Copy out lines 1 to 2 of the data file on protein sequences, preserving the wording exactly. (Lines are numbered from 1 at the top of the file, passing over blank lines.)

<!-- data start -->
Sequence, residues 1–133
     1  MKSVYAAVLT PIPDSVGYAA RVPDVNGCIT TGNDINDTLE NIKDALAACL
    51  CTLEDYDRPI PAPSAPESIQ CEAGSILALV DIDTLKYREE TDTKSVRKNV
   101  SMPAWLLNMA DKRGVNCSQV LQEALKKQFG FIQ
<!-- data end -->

Sequence, residues 1–133
     1  MKSVYAAVLT PIPDSVGYAA RVPDVNGCIT TGNDINDTLE NIKDALAACL